The Large Hadron Collider: Who gives a Higgs Boson Anyway?

Colm Stephens

Abstract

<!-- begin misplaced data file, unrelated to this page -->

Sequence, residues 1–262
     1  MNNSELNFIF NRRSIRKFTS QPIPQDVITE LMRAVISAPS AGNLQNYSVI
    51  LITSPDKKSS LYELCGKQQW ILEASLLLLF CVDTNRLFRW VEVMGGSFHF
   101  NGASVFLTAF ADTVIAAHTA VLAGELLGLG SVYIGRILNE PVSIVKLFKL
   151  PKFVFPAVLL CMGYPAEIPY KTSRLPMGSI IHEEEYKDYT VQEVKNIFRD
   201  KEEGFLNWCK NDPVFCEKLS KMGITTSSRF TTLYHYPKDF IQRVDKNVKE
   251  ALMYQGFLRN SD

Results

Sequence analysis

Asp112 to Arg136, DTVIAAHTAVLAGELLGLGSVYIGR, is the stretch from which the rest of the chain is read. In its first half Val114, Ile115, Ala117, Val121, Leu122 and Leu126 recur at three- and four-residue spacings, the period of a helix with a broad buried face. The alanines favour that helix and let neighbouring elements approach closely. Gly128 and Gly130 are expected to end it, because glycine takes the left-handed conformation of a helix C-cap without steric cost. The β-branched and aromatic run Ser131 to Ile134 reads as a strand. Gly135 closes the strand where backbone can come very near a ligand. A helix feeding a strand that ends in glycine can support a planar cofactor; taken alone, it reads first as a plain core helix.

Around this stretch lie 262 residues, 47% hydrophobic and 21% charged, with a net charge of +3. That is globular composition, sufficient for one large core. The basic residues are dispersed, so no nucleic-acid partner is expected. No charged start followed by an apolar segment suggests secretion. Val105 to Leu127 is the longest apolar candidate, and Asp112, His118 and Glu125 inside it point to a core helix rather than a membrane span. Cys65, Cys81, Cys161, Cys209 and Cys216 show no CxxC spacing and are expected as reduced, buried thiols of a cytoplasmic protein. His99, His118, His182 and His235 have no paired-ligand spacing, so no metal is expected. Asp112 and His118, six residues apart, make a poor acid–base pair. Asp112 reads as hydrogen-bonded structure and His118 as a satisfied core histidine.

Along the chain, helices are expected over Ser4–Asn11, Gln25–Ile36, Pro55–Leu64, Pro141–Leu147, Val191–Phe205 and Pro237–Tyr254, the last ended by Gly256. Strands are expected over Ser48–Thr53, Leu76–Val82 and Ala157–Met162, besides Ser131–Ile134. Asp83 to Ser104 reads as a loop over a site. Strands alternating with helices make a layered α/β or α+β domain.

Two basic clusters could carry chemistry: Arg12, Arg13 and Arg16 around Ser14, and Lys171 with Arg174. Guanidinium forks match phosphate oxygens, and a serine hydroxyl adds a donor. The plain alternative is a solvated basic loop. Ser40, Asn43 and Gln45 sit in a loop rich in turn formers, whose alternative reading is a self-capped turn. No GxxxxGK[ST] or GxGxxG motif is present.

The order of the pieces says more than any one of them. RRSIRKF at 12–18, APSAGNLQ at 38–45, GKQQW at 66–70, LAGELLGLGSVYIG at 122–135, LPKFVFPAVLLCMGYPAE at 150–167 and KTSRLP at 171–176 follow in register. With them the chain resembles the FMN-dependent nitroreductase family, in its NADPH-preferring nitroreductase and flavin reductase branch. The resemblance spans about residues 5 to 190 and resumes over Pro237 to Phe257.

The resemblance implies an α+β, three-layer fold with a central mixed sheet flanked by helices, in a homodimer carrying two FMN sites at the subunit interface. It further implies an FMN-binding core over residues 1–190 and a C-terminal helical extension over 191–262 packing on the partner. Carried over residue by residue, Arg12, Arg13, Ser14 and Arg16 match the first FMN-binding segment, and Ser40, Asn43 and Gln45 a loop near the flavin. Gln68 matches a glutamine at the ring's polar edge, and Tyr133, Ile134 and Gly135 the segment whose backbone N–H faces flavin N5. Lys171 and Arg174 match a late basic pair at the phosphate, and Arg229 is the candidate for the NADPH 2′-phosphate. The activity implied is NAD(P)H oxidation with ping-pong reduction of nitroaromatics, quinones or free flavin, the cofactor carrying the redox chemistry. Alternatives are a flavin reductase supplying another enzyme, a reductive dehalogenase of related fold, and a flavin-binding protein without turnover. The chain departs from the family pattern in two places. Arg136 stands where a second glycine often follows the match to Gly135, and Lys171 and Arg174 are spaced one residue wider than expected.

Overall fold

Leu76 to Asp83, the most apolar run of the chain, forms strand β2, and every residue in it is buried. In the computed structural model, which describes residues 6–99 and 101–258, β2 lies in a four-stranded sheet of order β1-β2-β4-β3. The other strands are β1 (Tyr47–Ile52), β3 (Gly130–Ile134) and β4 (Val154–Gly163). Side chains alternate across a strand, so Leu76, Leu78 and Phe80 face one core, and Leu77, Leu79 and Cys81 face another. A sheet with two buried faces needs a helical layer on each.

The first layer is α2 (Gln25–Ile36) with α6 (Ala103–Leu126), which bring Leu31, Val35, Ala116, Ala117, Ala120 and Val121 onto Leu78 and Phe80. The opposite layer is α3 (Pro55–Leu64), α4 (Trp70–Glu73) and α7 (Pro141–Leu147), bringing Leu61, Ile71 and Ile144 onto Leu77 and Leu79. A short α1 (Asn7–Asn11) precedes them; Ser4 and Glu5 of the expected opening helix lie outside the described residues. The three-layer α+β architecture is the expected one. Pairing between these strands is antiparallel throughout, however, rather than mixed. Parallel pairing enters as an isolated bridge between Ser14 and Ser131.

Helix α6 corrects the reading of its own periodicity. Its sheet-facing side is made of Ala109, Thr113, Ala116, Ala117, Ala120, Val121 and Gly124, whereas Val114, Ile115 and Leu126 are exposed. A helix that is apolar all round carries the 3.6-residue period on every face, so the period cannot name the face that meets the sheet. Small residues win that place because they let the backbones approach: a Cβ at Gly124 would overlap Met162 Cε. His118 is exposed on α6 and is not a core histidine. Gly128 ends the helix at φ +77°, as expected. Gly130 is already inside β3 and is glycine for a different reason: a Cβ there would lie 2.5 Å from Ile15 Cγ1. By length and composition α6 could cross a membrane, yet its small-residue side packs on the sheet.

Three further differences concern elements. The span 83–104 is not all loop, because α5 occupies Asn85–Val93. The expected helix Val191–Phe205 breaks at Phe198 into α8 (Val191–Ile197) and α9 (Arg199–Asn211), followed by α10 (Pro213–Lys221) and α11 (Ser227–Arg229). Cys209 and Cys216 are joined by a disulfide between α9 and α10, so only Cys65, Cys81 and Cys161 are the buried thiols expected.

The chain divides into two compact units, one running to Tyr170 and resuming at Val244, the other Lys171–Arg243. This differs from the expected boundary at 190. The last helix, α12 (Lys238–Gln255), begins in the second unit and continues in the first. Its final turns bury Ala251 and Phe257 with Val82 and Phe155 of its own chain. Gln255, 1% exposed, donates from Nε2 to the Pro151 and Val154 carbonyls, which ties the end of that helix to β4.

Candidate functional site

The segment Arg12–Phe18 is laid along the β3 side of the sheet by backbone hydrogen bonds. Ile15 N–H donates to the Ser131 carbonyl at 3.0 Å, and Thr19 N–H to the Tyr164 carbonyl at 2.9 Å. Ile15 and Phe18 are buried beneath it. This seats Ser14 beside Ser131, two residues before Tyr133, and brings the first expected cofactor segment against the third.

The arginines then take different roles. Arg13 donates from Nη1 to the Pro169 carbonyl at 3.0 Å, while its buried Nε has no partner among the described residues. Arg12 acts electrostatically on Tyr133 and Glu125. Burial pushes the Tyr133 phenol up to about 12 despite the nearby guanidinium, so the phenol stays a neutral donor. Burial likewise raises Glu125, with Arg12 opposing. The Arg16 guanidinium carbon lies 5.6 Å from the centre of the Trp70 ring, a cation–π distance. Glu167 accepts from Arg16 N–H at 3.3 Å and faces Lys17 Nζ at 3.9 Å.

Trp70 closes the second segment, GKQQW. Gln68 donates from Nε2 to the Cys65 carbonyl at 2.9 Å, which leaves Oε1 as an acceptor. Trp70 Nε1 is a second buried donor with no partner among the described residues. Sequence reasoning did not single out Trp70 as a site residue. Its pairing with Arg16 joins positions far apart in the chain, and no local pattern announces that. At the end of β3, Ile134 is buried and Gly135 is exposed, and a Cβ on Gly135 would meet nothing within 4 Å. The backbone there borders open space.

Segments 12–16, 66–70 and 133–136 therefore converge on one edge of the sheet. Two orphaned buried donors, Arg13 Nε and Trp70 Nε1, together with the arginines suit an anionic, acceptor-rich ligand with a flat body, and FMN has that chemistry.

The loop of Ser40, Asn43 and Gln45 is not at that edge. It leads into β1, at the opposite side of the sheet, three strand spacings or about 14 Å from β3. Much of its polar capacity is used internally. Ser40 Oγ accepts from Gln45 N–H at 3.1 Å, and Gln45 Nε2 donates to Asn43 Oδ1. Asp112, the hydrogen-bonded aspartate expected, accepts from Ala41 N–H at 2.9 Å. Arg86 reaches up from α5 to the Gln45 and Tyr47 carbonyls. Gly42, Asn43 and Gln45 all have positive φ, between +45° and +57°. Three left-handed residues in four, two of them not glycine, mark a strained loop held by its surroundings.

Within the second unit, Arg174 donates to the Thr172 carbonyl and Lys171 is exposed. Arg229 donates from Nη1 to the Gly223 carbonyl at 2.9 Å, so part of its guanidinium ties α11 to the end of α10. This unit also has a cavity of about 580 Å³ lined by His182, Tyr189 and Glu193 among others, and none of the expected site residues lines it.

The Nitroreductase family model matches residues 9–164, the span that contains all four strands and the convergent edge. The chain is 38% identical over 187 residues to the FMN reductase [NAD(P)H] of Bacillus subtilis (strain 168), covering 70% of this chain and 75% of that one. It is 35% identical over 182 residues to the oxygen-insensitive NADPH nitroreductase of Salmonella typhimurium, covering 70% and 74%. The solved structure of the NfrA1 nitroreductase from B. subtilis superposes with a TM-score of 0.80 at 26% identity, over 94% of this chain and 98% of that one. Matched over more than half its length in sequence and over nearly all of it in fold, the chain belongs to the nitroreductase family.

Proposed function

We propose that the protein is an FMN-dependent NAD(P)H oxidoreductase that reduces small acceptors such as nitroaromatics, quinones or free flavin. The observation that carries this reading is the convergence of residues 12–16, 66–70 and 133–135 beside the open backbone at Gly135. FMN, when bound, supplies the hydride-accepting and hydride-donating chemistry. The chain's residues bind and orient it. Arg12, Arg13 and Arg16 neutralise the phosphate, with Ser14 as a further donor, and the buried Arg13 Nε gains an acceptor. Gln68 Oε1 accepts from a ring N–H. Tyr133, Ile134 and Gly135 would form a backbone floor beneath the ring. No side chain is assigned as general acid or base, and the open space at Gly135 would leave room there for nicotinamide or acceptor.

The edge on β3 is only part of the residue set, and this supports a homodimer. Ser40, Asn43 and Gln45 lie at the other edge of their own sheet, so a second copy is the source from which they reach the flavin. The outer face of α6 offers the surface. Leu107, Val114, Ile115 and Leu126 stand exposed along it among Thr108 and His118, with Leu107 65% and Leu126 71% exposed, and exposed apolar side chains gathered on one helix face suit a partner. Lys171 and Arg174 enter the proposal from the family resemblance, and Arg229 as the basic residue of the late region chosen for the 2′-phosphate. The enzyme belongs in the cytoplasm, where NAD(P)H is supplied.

By now the Large Hadron Collider or LHC and the Higgs boson have become big news. Countless newspaper articles over the past year or so have tried to keep their readers up to date on the progress towards finding the so-called `God particle'. Despite the acres of newsprint and millions of web pages how many of us actually have a real grasp of what is going on in the tunnels below the Swiss-French border close to Geneva? Perhaps that is not surprising as the newspaper articles and web pages have attempted to explain the significance of the most advanced physics experiments that are being done with the most elaborate and complex machine ever built by humankind in a few short paragraphs. A couple of columns inches squeezed between the quarter page advertisements in a weekend supplement isn't perhaps sufficient to give the non-physicist enough information to get more than a superficial grasp of what is being attempted and achieved scientifically or, more importantly, form an opinion as to the usefulness and worth of the biggest scientific experiment ever. Nevertheless the LHC and the Higgs Boson have become part of our culture and might also be described as household terms. Authors of popular fiction like Dan Browne have embraced the perceived weirdness of the physics being done at the LHC to create science fiction. In the novel Angel's & Demons antimatter supposedly created in the LHC is used as a weapon against the Vatican. The Irish crime novelist, John Connolly, has published two children's novels in which the hero, a boy called Samuel Johnson and his dachshund, fight the forces of evil when the (not very bright) scientists running the LHC manage to unwittingly open the gates of Hell and release a horde of devils and demons to roam the Earth and create mayhem and havoc.


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